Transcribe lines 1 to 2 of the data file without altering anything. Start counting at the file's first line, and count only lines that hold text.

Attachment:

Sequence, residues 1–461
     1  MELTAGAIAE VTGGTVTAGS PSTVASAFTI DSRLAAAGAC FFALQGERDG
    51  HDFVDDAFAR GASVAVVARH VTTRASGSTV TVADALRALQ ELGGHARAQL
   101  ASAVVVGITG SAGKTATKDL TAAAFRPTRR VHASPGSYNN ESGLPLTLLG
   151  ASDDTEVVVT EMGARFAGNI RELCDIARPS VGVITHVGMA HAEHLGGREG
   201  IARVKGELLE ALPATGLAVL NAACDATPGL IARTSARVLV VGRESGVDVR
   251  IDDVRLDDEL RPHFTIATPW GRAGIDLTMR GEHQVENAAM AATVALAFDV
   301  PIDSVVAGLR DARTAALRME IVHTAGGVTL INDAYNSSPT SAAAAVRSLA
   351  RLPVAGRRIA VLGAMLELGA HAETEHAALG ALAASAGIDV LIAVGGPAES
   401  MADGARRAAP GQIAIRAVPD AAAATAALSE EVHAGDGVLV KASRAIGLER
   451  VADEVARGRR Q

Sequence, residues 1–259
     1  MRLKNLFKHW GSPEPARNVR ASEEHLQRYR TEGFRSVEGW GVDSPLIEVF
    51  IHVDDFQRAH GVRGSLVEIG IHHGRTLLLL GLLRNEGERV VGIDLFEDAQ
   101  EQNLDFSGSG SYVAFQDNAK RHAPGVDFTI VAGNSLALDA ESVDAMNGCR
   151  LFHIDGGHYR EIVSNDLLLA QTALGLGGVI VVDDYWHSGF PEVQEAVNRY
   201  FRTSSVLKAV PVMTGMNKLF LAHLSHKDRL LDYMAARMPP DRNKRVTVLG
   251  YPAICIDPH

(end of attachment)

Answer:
Sequence, residues 1–461
     1  MELTAGAIAE VTGGTVTAGS PSTVASAFTI DSRLAAAGAC FFALQGERDG